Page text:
Creating a “Happy Place” for Your Worms

A question from Cindy:

My worm bin is almost 1 year old. It was doing wonderful until about a
month ago. Now I hardly have any worms (& they are all small) and lots
of tiny white “bugs”. How can I get my bin back to a happy place? How
do I get rid of the little white “bugs”?


Hi Cindy,

What you’ve described sounds to me like something I refer to as “mature worm bin syndrome” – and is not uncommon when you continue using the same system for an extended period of time without harvesting vermicompost. I’m assuming this is the case for you since you didn’t mention any harvesting during that 1 year period (but we’ll touch on some other possibilities later on just in case).

The problem is that as the quantity of worm castings increases in a system, the less ideal the habitat becomes. It’s not so much that the castings themselves are “toxic”, as some would suggest, but more likely the fact that the C:N ratio is dropping (increasing the risk of ammonia release), and the overall habitat quality is declining considerably as well (fluffy, bedding-rich to more of a wet sludgy environment).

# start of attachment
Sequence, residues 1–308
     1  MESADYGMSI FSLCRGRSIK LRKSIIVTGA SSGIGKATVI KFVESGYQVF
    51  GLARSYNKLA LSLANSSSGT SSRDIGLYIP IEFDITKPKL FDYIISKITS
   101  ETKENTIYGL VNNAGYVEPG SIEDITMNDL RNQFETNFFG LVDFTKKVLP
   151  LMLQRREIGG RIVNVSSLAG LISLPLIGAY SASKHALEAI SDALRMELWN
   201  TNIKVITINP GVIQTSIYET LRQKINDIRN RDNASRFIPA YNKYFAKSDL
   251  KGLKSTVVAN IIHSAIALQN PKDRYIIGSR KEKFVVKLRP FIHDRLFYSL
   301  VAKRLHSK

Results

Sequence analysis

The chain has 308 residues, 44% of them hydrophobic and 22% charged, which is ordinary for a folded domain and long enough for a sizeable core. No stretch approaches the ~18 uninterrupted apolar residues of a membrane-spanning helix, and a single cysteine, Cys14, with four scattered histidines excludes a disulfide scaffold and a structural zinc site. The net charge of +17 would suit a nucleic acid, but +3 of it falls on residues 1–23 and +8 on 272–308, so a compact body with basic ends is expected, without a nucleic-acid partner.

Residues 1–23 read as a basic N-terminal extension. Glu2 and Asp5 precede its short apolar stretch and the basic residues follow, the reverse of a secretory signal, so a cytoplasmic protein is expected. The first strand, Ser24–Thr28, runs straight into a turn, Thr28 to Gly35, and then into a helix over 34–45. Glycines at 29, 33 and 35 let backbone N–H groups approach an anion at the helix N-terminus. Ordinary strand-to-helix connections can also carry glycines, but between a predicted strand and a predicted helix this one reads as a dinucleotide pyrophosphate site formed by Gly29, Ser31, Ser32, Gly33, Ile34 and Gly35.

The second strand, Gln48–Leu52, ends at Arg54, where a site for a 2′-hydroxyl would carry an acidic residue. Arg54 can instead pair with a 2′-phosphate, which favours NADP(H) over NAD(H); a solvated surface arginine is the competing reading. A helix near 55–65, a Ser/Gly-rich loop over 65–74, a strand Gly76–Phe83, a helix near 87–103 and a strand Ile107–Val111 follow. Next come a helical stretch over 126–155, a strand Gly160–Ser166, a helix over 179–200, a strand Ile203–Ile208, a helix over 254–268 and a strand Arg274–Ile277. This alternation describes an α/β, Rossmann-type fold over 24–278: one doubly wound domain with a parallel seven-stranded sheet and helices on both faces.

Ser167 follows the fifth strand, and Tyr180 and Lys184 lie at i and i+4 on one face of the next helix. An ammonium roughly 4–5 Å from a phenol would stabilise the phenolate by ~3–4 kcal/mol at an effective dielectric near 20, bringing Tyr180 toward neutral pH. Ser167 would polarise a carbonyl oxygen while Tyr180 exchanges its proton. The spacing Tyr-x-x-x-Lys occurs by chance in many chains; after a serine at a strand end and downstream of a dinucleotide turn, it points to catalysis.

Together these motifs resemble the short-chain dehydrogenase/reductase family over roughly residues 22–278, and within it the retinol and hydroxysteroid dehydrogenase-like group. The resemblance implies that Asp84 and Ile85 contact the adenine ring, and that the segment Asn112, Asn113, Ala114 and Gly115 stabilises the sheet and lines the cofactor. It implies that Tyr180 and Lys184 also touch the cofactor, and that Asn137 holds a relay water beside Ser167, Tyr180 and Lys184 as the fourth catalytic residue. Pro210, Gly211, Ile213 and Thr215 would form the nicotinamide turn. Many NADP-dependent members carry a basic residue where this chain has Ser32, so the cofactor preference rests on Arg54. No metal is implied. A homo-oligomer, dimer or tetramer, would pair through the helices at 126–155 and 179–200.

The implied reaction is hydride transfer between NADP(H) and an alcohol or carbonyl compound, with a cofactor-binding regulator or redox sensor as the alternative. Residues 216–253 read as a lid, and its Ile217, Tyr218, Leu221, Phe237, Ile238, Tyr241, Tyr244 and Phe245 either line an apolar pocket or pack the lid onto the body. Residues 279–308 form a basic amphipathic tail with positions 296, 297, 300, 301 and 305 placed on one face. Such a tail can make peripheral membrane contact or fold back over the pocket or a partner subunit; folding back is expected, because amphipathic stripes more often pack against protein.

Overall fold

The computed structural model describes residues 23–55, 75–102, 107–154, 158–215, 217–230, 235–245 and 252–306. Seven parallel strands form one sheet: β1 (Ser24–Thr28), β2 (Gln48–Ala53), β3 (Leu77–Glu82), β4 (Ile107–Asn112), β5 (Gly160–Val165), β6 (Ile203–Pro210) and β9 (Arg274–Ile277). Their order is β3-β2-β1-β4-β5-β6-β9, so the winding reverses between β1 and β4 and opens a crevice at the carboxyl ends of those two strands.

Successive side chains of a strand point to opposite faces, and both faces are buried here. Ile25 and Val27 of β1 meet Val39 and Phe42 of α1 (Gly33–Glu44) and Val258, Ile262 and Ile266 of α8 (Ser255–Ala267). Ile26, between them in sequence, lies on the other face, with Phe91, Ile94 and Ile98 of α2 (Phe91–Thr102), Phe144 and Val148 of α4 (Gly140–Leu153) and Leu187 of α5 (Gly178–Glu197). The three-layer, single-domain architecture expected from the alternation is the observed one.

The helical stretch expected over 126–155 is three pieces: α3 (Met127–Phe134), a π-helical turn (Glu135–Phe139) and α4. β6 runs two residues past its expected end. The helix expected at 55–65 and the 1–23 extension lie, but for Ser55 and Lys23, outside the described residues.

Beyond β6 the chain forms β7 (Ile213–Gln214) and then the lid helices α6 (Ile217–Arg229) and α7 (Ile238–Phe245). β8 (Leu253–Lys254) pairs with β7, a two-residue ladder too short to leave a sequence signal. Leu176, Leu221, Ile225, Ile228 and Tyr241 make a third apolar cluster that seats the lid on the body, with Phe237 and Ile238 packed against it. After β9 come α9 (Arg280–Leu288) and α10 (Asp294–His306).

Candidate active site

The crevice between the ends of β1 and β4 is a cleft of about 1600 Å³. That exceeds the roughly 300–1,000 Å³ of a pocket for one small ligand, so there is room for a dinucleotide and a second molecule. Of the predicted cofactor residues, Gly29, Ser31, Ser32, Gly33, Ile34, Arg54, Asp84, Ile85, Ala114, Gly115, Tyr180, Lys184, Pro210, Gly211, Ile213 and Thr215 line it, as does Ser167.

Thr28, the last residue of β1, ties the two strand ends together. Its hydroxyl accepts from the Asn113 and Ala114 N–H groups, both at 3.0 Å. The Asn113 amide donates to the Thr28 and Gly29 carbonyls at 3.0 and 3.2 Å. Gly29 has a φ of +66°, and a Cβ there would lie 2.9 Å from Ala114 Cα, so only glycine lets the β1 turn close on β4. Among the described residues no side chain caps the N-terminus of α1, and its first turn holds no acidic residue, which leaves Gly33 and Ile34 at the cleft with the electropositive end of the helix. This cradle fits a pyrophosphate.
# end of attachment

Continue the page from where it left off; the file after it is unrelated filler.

The critters appearing in the system – almost certainly mites – are a symptom of the declining environment, not the cause (but rest assured, they can also appear in systems that are doing just fine), so you definitely don’t need to be focusing on getting rid of them.

What I would definitely suggest doing – bare minimum – is mixing in lots of new, absorbent bedding materials. Even better, though, would be a full system overhaul. Harvest a lot of the vermicompost and get a new system up and running for the worms (you may want to check out David’s Tub Harvesting Method if you are using a typical plastic bin). But DO save some of that wet, dark stuff for the new system – it will serve as an excellent “living material” to help kickstart the ecosystem in there.

Now – getting back to other possibilities…

Assuming you have been adding lots of bedding materials all along and/or harvesting a bit more regularly than I’ve suspected – you may want to consider other potential factors, such as the types of foods you’ve been adding (just prior to the population decline) and the general conditions the worms have been exposed to. Is the bin really wet? (i.e. likely anaerobic) Is it sitting some place cold or warm? (can be issues on either end of the spectrum)

If you focus closely on those composting worm “requirements” and make sure to steer clear of the “hazards” (refer to my free vermicomposting guide, or my new course if you want to learn more about these) that “happy place” status shouldn’t be too difficult to achieve!

Hope this helps!
8)

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Comments

    • John W.
    • December 20, 2012

    haha…I was going to say Check out the new course…but you got there before me!
    I would assume that this type of problem is less of a concern for flow through bins like the worm inn or stacking bins like the WF360?

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